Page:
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**ganesh****Administrator**- Registered: 2005-06-28
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1. **Newton's laws of motion**

Newton’s laws of motion are three statements describing the relations between the forces acting on a body and the motion of the body, first formulated by English physicist and mathematician Isaac Newton, which are the foundation of classical mechanics.

**Newton’s first law: the law of inertia**

Newton’s first law states that if a body is at rest or moving at a constant speed in a straight line, it will remain at rest or keep moving in a straight line at constant speed unless it is acted upon by a force. In fact, in classical Newtonian mechanics, there is no important distinction between rest and uniform motion in a straight line; they may be regarded as the same state of motion seen by different observers, one moving at the same velocity as the particle and the other moving at constant velocity with respect to the particle. This postulate is known as the law of inertia.

The law of inertia was first formulated by Galileo Galilei for horizontal motion on Earth and was later generalized by René Descartes. Although the principle of inertia is the starting point and the fundamental assumption of classical mechanics, it is less than intuitively obvious to the untrained eye. In Aristotelian mechanics and in ordinary experience, objects that are not being pushed tend to come to rest. The law of inertia was deduced by Galileo from his experiments with balls rolling down inclined planes.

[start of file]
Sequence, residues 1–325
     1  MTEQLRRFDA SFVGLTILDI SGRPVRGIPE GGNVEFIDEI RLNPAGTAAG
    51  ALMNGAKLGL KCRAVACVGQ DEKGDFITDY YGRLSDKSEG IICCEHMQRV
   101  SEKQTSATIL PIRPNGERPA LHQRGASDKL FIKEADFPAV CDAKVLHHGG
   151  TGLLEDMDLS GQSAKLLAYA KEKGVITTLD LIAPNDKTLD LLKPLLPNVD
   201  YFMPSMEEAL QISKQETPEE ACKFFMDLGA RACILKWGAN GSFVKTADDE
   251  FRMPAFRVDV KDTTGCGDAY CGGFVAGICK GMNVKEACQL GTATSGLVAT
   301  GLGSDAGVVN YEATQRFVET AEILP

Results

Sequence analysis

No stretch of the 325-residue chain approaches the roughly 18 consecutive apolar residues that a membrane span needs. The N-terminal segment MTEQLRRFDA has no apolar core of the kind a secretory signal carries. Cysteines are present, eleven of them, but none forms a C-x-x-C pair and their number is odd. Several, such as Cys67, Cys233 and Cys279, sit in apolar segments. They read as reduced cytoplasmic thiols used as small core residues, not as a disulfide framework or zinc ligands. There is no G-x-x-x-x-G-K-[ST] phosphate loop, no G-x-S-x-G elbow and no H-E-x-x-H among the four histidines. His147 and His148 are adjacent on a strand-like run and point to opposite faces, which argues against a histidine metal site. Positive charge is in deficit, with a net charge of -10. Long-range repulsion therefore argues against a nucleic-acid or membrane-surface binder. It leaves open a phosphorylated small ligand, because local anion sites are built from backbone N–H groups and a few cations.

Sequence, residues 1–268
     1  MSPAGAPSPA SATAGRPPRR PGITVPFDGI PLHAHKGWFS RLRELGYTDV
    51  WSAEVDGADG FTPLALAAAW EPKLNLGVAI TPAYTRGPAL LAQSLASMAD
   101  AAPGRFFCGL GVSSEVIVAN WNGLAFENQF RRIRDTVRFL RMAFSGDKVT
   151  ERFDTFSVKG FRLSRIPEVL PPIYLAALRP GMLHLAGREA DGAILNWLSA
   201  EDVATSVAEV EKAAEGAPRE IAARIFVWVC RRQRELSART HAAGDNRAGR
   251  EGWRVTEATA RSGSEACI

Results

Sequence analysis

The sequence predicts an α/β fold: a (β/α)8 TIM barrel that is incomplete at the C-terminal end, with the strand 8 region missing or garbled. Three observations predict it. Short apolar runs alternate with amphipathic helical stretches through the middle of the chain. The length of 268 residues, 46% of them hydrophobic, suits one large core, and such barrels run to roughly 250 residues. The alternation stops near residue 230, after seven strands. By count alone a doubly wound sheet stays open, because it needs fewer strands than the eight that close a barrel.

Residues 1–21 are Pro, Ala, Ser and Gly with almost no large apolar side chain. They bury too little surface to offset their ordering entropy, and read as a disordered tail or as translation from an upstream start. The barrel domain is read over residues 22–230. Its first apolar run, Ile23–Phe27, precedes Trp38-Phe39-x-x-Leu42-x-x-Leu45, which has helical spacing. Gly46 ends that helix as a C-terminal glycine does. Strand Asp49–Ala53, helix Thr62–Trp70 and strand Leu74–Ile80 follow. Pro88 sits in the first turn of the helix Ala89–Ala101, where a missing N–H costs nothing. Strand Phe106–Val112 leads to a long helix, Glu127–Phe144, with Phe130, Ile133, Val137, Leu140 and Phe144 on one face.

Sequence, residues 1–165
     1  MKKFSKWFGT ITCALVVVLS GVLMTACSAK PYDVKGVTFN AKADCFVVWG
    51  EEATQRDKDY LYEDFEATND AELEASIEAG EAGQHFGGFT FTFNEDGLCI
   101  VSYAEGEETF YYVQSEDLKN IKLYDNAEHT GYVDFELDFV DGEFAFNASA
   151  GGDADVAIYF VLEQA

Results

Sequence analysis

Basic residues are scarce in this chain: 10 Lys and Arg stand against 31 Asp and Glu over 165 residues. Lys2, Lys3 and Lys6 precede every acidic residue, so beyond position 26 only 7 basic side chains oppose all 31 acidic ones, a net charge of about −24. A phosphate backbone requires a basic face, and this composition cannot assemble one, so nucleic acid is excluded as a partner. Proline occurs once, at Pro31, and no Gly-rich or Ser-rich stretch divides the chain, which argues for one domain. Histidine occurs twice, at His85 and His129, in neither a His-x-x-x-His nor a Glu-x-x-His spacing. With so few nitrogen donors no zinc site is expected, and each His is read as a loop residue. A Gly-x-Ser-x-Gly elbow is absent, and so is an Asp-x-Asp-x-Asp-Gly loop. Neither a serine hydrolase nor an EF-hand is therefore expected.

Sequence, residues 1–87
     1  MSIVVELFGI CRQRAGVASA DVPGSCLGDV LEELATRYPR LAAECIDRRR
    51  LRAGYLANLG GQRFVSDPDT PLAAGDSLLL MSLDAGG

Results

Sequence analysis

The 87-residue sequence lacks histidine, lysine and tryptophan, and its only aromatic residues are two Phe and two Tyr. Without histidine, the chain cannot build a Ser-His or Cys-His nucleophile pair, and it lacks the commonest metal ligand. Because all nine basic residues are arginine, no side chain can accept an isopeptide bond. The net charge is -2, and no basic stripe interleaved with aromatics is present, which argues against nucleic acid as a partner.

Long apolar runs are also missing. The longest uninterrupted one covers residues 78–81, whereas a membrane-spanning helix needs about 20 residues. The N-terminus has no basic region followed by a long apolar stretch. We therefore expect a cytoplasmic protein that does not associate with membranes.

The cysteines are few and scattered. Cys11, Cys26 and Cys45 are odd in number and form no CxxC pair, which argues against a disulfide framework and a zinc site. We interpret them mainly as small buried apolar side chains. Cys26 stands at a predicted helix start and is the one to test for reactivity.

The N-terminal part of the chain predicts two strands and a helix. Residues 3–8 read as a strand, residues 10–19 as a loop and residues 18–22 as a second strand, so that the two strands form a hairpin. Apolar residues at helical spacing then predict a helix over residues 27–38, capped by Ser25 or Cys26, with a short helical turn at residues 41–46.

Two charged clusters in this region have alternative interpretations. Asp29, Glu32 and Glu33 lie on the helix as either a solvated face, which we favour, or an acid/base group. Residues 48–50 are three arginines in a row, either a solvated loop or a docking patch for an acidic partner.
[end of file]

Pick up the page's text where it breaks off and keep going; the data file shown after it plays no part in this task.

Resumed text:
For Galileo, the principle of inertia was fundamental to his central scientific task: he had to explain how is it possible that if Earth is really spinning on its axis and orbiting the Sun, we do not sense that motion. The principle of inertia helps to provide the answer: since we are in motion together with Earth and our natural tendency is to retain that motion, Earth appears to us to be at rest. Thus, the principle of inertia, far from being a statement of the obvious, was once a central issue of scientific contention. By the time Newton had sorted out all the details, it was possible to accurately account for the small deviations from this picture caused by the fact that the motion of Earth’s surface is not uniform motion in a straight line (the effects of rotational motion are discussed below). In the Newtonian formulation, the common observation that bodies that are not pushed tend to come to rest is attributed to the fact that they have unbalanced forces acting on them, such as friction and air resistance.

**Newton’s second law: F = ma**

Newton’s second law is a quantitative description of the changes that a force can produce on the motion of a body. It states that the time rate of change of the momentum of a body is equal in both magnitude and direction to the force imposed on it. The momentum of a body is equal to the product of its mass and its velocity. Momentum, like velocity, is a vector quantity, having both magnitude and direction. A force applied to a body can change the magnitude of the momentum or its direction or both. Newton’s second law is one of the most important in all of physics. For a body whose mass m is constant, it can be written in the form F = ma, where F (force) and a (acceleration) are both vector quantities. If a body has a net force acting on it, it is accelerated in accordance with the equation. Conversely, if a body is not accelerated, there is no net force acting on it.